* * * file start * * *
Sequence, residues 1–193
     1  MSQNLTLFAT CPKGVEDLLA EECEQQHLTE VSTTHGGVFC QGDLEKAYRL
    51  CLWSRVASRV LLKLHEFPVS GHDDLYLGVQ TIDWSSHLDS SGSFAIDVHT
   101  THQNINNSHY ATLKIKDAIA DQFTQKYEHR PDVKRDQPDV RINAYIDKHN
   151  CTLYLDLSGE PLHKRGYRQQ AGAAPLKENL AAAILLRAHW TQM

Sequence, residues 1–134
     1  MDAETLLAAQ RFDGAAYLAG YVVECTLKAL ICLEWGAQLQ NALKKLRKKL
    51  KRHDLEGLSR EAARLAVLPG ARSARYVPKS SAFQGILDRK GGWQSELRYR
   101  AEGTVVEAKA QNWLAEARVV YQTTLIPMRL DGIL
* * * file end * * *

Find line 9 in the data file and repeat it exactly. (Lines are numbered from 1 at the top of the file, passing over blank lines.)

   101  AEGTVVEAKA QNWLAEARVV YQTTLIPMRL DGIL